SEC Continues to Focus On Microcap Stock Manipulation

Microcap stock manipulations continues to be a key area of focus for SEC Enforcement with the filing of two new cases involving the CEOs of two firms of manipulating the share price of their firms. In SEC v. Forum National Investments Ltd., Civil Action No. 5:14-cv-02376 (C.D. Cal. Filed November 18, 2014) the Commission brought an action against the company, its CEO Daniel Clozza and three others who assisted with the manipulation — Robert Dunn, William Anguka and Ahmad Ghaznawi. In SEC v. Noel, Civil Action No. 3:14-CV-5054 (N.D. Cal. Filed November 17, 2014) the Commission charged the CEO of YesDTC Holdings, Inc., Joseph Noel, with manipulating the share price of his firm.

Forum National, based in Toronto, Ontario, initially sold memberships in a travel club and chartered its yacht. Subsequently, the company entered the life settlement business, purchasing six life insurance policies for about $1.8 million with a face value of $31 million. In 2011 the firm offered a convertible debenture secured by two of the life insurance policies that had a combined face value of $9 million. Each unit entitled the buyer to $450,000 of benefits Forum would receive when the policies matured.

By September 2011 Forum was experiencing significant financial difficulties after selling only a few of the units. In November Mr. Clozza sought introductions to internet promotional companies. He was introduced to defendant William Anguka, who promotes stocks through internet based media, along with three of his associates. One of those associates was defendant Robert Dunn. Mr. Anguka stated that he charged $70,000 to $80,000 per month for his services. Eventually he was retained with an initial payment of $15,000. Mr. Anguka then retained Ahmad Ghaznawi, also a defendant, to assist. Mr. Ghaznawi does business under the name Skylab Global Investments.

Subsequently, Messrs. Anguka and Ghaznawi disseminated web pages and internet news letters touting Forum’s business prospects. Despite the fact that there was no basis for the claims, the stock price, quoted in the pink sheets, climbed rapidly from about $0.35 in May 2012 to over $2.00 per share in June 2012.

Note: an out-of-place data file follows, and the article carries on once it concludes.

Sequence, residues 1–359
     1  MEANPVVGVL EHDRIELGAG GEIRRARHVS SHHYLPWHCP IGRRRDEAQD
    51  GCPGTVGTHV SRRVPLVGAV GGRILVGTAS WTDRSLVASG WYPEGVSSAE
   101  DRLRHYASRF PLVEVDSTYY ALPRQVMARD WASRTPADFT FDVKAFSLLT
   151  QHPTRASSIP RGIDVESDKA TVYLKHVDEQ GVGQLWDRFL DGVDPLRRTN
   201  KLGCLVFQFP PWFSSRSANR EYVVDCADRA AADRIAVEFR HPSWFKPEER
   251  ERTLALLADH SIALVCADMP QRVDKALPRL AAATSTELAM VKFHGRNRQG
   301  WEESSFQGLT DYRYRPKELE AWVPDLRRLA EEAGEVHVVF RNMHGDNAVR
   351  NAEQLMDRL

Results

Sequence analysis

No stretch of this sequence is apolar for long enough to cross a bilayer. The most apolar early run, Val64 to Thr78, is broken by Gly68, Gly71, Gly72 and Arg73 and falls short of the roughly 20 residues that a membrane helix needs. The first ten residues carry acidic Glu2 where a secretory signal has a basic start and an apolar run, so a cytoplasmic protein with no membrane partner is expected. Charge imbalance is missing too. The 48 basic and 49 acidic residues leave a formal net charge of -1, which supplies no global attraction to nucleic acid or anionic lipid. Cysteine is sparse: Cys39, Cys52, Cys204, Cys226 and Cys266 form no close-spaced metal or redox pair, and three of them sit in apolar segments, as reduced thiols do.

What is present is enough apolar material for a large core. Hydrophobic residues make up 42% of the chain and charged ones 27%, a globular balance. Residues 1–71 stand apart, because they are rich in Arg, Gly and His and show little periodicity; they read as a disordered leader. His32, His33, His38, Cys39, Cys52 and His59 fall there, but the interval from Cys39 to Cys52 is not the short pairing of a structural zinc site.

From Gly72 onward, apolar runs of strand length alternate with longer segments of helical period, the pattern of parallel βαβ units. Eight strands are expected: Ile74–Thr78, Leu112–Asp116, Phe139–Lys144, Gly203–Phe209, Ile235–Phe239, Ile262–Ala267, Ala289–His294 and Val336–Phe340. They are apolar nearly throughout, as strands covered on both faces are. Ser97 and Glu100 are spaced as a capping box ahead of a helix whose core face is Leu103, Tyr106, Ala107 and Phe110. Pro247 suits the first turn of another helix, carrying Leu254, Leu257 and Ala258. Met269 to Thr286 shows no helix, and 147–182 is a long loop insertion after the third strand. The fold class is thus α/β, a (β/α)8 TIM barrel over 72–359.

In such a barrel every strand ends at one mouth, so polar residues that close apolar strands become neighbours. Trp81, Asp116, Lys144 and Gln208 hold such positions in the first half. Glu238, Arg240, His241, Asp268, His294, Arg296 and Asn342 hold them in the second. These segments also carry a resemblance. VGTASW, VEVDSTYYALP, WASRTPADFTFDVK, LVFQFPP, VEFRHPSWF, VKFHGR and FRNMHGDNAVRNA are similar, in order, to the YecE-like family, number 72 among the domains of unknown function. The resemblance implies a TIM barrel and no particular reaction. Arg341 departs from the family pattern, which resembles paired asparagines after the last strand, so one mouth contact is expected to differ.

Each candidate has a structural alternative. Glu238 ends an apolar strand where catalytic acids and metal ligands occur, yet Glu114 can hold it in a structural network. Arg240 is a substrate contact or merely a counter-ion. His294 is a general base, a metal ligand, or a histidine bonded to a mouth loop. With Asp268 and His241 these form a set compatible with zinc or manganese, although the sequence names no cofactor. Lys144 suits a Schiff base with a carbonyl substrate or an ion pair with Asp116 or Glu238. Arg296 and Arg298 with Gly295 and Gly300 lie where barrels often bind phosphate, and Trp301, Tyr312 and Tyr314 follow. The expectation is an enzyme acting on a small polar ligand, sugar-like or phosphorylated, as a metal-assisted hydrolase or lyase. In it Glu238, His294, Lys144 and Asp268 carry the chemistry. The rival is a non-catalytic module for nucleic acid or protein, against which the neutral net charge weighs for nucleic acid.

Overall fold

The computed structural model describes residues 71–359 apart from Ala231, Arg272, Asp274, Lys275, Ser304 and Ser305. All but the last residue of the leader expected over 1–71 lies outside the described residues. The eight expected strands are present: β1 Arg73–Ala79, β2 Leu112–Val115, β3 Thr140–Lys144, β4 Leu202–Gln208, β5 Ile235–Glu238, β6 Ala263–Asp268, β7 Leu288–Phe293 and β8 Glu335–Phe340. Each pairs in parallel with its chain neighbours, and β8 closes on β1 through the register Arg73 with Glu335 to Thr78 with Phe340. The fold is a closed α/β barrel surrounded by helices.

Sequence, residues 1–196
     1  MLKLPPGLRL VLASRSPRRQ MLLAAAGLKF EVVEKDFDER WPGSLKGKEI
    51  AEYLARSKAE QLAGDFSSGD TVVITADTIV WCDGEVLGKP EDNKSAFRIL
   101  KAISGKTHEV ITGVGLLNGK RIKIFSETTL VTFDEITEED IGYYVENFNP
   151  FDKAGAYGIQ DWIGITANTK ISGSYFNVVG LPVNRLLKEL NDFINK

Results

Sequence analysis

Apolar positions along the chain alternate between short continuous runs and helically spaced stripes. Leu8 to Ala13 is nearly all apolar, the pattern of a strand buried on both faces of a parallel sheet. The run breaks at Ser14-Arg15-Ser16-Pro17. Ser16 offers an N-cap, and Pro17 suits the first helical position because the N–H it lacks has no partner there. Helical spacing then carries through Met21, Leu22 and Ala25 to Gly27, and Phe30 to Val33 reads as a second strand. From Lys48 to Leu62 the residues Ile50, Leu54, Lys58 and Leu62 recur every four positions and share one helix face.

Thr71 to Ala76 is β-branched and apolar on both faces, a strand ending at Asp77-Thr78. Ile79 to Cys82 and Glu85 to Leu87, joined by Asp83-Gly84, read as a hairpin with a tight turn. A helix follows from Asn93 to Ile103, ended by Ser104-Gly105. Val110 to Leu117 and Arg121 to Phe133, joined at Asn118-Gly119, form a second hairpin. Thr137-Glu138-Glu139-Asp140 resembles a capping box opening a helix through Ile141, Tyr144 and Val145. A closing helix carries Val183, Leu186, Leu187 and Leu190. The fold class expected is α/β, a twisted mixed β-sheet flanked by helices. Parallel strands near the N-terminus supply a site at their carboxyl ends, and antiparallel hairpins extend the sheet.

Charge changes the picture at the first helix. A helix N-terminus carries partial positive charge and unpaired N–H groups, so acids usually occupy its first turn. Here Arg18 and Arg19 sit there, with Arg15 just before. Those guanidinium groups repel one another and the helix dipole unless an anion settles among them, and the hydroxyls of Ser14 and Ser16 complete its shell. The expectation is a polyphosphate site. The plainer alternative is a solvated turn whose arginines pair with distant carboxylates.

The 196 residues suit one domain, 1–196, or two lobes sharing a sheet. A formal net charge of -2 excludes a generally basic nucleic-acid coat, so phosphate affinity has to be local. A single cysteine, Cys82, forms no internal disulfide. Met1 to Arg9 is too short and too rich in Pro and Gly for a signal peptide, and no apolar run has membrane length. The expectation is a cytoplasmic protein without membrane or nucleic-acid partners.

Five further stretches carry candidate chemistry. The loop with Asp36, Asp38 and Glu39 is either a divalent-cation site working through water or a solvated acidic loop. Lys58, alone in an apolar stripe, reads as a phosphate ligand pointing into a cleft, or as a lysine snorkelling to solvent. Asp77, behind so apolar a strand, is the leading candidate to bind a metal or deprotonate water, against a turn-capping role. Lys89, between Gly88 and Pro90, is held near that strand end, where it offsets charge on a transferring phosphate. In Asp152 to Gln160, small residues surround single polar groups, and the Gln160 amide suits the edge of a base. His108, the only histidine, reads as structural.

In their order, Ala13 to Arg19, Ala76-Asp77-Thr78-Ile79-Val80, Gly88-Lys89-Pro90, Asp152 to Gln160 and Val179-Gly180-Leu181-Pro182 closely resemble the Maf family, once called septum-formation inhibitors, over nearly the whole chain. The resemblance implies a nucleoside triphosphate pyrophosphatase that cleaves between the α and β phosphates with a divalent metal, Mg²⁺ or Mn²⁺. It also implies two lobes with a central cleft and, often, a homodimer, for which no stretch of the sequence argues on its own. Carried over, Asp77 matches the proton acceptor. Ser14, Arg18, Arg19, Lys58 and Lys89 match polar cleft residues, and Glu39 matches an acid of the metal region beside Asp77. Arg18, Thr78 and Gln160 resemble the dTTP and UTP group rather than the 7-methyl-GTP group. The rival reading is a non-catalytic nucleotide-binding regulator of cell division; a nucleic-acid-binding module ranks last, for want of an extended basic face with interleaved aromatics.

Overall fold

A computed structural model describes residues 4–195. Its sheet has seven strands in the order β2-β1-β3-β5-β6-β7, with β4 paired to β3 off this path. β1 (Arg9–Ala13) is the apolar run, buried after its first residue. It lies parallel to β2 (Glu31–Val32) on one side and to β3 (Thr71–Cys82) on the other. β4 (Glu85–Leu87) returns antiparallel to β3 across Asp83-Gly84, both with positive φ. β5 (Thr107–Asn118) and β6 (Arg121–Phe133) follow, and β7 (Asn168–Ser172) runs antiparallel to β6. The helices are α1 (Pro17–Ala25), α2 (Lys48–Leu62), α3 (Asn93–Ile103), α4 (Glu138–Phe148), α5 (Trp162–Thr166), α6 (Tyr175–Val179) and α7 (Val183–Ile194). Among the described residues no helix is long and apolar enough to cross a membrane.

Mr. Dunn, along with relatives and associated of Mr. Clozza, sold more than one million shares of Forum stock, profiting from the inflated, artificial price. The Commission’s complaint alleges violations of Exchange Act Sections 10(b) and 13(a) and Securities Act Section 17(b). The Commission also initiated an administrative proceeding against Forum under Exchange Act Section 12(j). The actions are pending. See Lit. Rel. No. 23135 (November 19, 2014).

The SEC’s complaint against Mr. Noel also centers on a claimed stock manipulation. In February 2009 Mr. Noel formed Sonoma Winton, LLC and appointed his daughter as the sole member, although he continued to control the entity. Later that year he incorporated YesDTC, Inc. That company entered into a reverse merger with a public shell which had no meaningful assets. As a result of a stock split, about 94 million restricted shares and 44 million non-restricted shares became outstanding. Mr. Noel retained about 40 million shares. When those shares were combined with others held by Sonoma, Mr. Noel controlled about 65% of the outstanding shares. The name of the firm was changed to YesDTC Holdings, Inc.

During 2011 Mr. Noel is alleged to have conducted two pump-and-dump schemes. In each of the schemes Mr. Noel prepared and had issued false and misleading press releases touting the business of the firm which supposedly specialized in direct-to-consumer marketing. In each instance the share price spiked upward significantly. In each instance Mr. Noel secretly sold shares through Sonoma. Overall he netted about $300,000 in profits from the two schemes.

The complaint alleges violations of Exchange Act Sections 10(b) and 16(a), and Securities Act Sections 5(a), 5(c) and 17(a). The action is pending. See Lit. Rel. No. 23134 (November 17, 2014).

Tagged with: ,